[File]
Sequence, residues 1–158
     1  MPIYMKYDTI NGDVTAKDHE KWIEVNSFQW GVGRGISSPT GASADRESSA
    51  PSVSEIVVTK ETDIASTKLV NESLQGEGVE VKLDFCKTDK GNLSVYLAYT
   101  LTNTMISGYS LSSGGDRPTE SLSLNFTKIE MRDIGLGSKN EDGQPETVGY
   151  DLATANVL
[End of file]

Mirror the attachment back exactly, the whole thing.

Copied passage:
Sequence, residues 1–158
     1  MPIYMKYDTI NGDVTAKDHE KWIEVNSFQW GVGRGISSPT GASADRESSA
    51  PSVSEIVVTK ETDIASTKLV NESLQGEGVE VKLDFCKTDK GNLSVYLAYT
   101  LTNTMISGYS LSSGGDRPTE SLSLNFTKIE MRDIGLGSKN EDGQPETVGY
   151  DLATANVL